CSTEP’s research spans areas such as Climate, Environment and Sustainability; Energy and Power; Artificial Intelligence for Social Good; Materials and Strategic Applications; and building Computational Tools to support policy decisions.
In 2020, we launched a tool that identifies the most suitable location for setting up a rooftop solar plant, using aerial imagery. Called ‘CSTEP’s Rooftop Evaluation for Solar Tool’ or ‘CREST’, the tool can help accelerate rooftop solar deployment by providing accurate information on the solar potential of rooftops in Bengaluru.
In line with the National Clean Air Programme announced by the centre in 2017, the Centre for Air Pollution Studies at CSTEP, conducted scientific assessments to develop customised clean air action plans for non-attainment cities. The Bihar State Pollution Control Board is implementing the clean air action plans designed by CSTEP for Patna, Gaya, and Muzaffarpur. We also conducted a mobile monitoring of pollution levels to identify the air-pollution hotspots in the city of Bengaluru.
The decrease in air-pollution levels during the pandemic is largely attributed to decreased activity in the areas of transport and manufacturing. Transport-related reductions in air pollution observed during the pandemic have strong implications for the electric vehicle (EV) segment. We are working with the state public transport utilities in Karnataka to electrify their fleet by conducting feasibility studies for identifying optimal routes and strategies for deploying electric buses. We have also developed a planning tool to aid electric bus deployment. Further, we have initiated a study with the Bengaluru Electricity Supply Company for integrating rooftop solar with EV charging. We are also working with the electricity distribution companies (DISCOMs) in Karnataka to overcome their persisting financial challenges by reducing aggregate technical and commercial losses.
India’s ambitious aspiration of a renewable-energy dominant future is possible with measures like strategic interventions for sector-coupling (for instance, electric vehicles charged using solar power), and by leveraging advanced technologies currently available for energy storage. CSTEP has initiated research on how complementary storage technologies can be deployed to help India achieve this dream. Through the India Energy Transformation Platform (for which CSTEP is the Secretariat), we have identified four areas where technological interventions can help transform India’s energy sector by 2050. These are urban space cooling, decentralised energy systems, energy-efficient industrial heating, and technologies for a renewable-energy dominant future.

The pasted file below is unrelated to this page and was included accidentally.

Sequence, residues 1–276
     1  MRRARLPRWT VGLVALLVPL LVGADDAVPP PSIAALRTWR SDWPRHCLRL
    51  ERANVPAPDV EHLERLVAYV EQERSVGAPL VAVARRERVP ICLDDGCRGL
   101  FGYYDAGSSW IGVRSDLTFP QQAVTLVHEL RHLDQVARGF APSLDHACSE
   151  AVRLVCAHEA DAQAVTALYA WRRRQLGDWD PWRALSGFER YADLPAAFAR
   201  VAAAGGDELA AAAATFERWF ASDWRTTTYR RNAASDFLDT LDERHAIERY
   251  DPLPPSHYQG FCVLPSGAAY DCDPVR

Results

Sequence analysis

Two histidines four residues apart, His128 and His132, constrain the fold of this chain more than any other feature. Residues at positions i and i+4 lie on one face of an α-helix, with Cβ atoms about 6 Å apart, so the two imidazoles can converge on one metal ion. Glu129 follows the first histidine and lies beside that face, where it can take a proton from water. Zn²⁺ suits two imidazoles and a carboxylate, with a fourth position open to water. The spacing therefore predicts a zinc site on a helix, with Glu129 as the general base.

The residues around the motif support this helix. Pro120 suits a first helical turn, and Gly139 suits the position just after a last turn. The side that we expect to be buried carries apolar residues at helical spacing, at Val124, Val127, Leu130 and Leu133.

Accommodating a large amount of renewable energy in the power transmission system requires a strengthening of our power transmission infrastructure. CSTEP recently published the findings of a study that looked at the impact of high amounts of renewable energy on the grid infrastructure and identified the areas where the grid needs to be strengthened and revamped.
What are your views on the impact of lockdown on changes in the environment?
The pandemic has raised many questions on the way we plan our developmental pathways. While it is clear that a low-carbon developmental pathways is the only option to meet our desired quality of life sustainably, arriving at ways in which we can do this requires deep thinking. For instance, considering that this is unlikely to be our last pandemic, how do we plan cities that can accommodate physical distancing?
During the pandemic, more and more people turned to non-motorised modes of transport, such as cycling and walking. However, there was a drastic reduction in people using public transport such as buses and metros. What does ensuring citizens’ safety in COVID times entail and how can we ensure that sustainable modes of transport become the norm.
Adapting quickly to digital technologies allowed many businesses to operate as close to normal as possible. This was true even for social sectors such as health, education, electricity, and agriculture, where the increasing use of technology enabled better outcomes.